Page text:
Benjamin Sago / ogham / cairnrefinery / etc…

Technical notes Use custom nmap port sets

If you have a server in the cloud, it’s important to set up a firewall to make sure you don’t inadvertently let services listen on the public internet. Maybe you use ufw or iptables, or maybe you have a cloud firewall in front of your machine entirely. No matter what you do, it’s also important to check that the firewall you’ve configured actually works.

nmap can be used for this, as well as any task involving sending packets to servers, waiting for responses, and displaying the results in a nice little table. I recommend that you save a script of your own, so you can easily re-scan when you change something.

Here’s my version of such a script:
exec sudo nmap "$@" \
    -PE \
    -v --reason \
    -p 22,80,443,1234,4646,4647,4648,5353,8300,8301,8302,8500,8600,8080 \

We use the following arguments:

  • The -PE argument checks the host is up with an ICMP Echo Request packet. (See the “Why the sudo?” section for more.)
  • The -v argument enables verbose output, which is useful if, for you, it takes a while to print any output. If it’s fast, you can remove it.
  • The --reason argument tells nmap to print the reason why each port is in its state.
  • The -p argument specifies the list of TCP ports to scan, as comma-separated numbers. Our port numbers here include SSH, HTTP, HTTPS, the ports used by the Hashicorp suite of services, and one (1234) that I know should never be listening, as a sort of meta-test.
  • The --datadir argument allows us to specify custom service names. (See the “Custom service names” section for more.)

Here’s an (abridged) version of what it outputs:

$ some-host
Nmap scan report for some-host
Host is up, received echo-reply ttl 47 (0.025s latency).

22/tcp   open     ssh        syn-ack ttl 47
80/tcp   open     http       syn-ack ttl 47
443/tcp  open     https      syn-ack ttl 47
1234/tcp filtered never-open no-response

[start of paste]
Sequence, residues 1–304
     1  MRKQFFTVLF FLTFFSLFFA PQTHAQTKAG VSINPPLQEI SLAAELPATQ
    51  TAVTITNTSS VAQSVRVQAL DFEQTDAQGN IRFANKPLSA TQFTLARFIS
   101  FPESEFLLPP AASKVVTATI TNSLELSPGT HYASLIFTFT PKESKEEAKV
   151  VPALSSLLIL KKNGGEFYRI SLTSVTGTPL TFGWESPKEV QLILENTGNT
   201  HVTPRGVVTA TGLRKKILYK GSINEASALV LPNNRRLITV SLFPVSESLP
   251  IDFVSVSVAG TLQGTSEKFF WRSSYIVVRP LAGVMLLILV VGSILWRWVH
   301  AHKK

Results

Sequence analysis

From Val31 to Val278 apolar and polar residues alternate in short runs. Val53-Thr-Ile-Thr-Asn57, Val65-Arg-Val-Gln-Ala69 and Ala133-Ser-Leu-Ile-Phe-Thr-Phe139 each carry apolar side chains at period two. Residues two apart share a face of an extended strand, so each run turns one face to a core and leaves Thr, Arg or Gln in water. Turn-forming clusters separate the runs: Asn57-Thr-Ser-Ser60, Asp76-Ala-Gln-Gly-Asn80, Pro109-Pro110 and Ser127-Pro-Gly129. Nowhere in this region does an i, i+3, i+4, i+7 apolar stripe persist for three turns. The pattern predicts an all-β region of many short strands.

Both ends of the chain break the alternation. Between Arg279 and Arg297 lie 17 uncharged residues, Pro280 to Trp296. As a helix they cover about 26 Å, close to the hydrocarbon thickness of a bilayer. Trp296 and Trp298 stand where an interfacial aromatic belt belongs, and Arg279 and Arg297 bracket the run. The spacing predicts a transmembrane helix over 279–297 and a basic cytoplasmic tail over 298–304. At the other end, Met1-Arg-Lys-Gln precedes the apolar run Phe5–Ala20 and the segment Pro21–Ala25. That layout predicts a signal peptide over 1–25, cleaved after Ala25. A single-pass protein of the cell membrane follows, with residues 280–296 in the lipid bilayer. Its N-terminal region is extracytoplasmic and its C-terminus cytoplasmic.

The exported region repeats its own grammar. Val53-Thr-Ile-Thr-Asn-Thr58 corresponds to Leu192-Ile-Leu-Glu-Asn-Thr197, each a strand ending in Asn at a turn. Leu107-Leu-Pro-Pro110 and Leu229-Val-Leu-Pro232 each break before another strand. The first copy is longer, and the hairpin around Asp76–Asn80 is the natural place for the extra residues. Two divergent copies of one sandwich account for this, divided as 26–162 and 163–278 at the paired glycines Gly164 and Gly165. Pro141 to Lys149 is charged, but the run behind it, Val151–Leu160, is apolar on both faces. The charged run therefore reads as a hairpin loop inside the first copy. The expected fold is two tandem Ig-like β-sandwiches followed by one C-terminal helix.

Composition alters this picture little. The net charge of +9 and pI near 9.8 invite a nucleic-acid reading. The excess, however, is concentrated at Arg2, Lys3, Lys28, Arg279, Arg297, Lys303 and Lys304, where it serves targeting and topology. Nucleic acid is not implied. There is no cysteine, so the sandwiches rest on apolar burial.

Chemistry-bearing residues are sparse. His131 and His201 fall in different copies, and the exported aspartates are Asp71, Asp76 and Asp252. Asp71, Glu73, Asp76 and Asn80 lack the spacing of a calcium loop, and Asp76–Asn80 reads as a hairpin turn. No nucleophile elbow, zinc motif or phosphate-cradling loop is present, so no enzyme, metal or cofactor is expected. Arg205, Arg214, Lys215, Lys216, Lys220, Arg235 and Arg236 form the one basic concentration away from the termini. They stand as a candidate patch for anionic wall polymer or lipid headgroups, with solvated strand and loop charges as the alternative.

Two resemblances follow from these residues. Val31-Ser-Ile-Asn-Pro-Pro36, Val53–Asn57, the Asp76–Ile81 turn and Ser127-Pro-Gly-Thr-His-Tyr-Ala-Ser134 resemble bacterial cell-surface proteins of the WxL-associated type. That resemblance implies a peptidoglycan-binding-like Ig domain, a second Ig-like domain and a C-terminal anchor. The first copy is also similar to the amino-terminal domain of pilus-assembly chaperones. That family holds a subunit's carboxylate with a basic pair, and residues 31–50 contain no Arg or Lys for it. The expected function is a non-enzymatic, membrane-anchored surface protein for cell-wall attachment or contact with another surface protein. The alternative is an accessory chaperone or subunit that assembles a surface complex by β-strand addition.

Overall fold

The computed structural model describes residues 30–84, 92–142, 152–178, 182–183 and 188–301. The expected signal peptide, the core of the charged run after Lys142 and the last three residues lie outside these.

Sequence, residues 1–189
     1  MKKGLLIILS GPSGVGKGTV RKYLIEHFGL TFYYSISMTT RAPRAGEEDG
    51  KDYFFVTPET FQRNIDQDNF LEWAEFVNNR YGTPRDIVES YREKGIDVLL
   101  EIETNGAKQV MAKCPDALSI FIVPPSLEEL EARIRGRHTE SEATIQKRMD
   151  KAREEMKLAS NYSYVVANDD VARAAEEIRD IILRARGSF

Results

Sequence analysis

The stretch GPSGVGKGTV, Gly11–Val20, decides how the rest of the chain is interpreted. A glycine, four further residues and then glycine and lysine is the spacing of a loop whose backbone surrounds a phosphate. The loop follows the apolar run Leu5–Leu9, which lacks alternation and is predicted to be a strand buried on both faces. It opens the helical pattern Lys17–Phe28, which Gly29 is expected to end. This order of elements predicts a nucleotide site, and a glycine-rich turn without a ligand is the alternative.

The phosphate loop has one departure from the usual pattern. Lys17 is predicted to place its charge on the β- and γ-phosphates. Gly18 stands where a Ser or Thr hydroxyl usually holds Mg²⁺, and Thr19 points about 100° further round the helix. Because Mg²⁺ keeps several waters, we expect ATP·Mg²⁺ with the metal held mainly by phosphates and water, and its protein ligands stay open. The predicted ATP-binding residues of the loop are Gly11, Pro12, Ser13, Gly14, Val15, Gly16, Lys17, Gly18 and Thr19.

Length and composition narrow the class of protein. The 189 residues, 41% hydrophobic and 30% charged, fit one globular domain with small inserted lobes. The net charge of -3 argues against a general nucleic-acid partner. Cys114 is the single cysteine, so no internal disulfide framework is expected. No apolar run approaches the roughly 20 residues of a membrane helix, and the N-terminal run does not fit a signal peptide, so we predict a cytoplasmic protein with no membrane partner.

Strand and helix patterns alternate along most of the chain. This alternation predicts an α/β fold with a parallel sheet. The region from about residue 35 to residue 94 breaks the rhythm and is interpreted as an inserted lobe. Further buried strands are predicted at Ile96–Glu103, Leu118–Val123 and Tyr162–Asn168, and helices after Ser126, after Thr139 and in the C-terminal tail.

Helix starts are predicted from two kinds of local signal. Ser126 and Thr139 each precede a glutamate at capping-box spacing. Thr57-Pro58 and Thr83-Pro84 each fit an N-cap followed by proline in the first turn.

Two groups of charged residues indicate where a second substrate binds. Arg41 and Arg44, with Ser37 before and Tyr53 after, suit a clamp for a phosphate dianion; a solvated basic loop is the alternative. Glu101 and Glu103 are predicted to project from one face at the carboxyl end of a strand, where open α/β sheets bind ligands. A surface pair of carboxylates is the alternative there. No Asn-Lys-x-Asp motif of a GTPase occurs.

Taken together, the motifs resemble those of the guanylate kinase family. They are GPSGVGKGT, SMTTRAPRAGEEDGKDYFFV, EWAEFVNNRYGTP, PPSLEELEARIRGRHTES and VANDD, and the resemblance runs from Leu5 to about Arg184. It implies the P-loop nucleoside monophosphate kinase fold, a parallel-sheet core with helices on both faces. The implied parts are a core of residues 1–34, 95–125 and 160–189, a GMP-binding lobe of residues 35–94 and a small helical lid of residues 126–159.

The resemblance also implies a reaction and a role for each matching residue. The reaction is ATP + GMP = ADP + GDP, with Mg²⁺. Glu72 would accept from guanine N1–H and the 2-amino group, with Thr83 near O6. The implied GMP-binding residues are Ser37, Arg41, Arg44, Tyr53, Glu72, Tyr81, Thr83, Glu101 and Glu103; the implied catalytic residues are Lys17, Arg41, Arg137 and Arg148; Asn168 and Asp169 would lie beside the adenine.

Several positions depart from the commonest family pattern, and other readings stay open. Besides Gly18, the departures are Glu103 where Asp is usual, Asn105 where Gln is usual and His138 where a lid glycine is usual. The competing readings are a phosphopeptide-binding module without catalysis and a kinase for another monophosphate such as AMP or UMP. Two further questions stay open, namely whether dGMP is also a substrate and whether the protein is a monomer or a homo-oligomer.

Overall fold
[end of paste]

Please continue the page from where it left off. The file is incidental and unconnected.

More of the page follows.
4646/tcp filtered nomad      no-response
5353/tcp filtered madns      no-response
8080/tcp filtered http-misc  no-response
8300/tcp filtered consul     no-response
8500/tcp filtered consul     no-response
8600/tcp filtered consul     no-response

Nmap done: 1 IP address (1 host up) scanned in 1.30 seconds

From this, I can see that the rules present in my cloud firewall and the firewall on the machine itself, when put together, allow inbound SSH, HTTP, and HTTPS traffic: each port responds with a syn-ack TCP packet when probed.

I can also see that the internal services are unreachable, as they should be, as nmap reports no-response: they appear identical to port 1234, the port with nothing listening on it.

Why the sudo?

Before the status of each port is fetched, it’s important to first check that the machine is up and online. Otherwise, every port will come back as filtered with the reason no-response, and you’ll think everything’s OK when it’s not.

nmap will automatically perform this check before scanning a server. This is known as host discovery. Our script above passes the -PE argument to nmap, meaning it should first ping the server with an Echo request, and only continue scanning once it’s received a ping response.

However, in order for nmap to do this, it needs to send and receive raw network traffic, rather than relying on the simplified interfaces that the OS provides. On Unix and Unix-like systems, this usually requires you to be the root user. If you’re not root, nmap will ignore the -PE option, and perform host discovery by checking if TCP ports 80 or 443 are open instead:

Warning: You are not root -- using TCP pingscan rather than ICMP

This means that if your server isn’t serving anything on those ports, nmap will assume it’s down and scan no further. Hence, sudo.

A nice side-effect of this is that nmap can use quicker TCP SYN scan as its port scanning technique, rather than the slower TCP connect scan, meaning the script will run slightly faster.

Custom service names

In the SERVICE column of the output, nmap will list the name of the service associated with that port number. This confused me for a long time: I assumed that nmap was somehow parsing the bytes it receives in the response and using that to determine which service was running. Instead, all it’s doing is looking up the number in /etc/services and printing what’s in there.

This means that if you stray from common port numbers, nmap has very strange ideas of what services are running. By default, it calls Nomad “dots-signal” and Consul “fmtp”, despite me never having heard of either of those before, just because they happen to share the same port.

To get around this, we can create our own nmap “datadir” that contains the data nmap uses to look things like this up. Create a directory, and place inside it a file named nmap-services with contents such as the following:

ssh          22/tcp
http         80/tcp
https       443/tcp

never-open 1234/tcp

nomad      4646/tcp
nomad      4647/tcp
nomad      4648/tcp
nomad      4648/udp

Then, if you pass the parent directory to nmap with the --datadir parameter as in the script above, nmap will use your custom name–service mappings.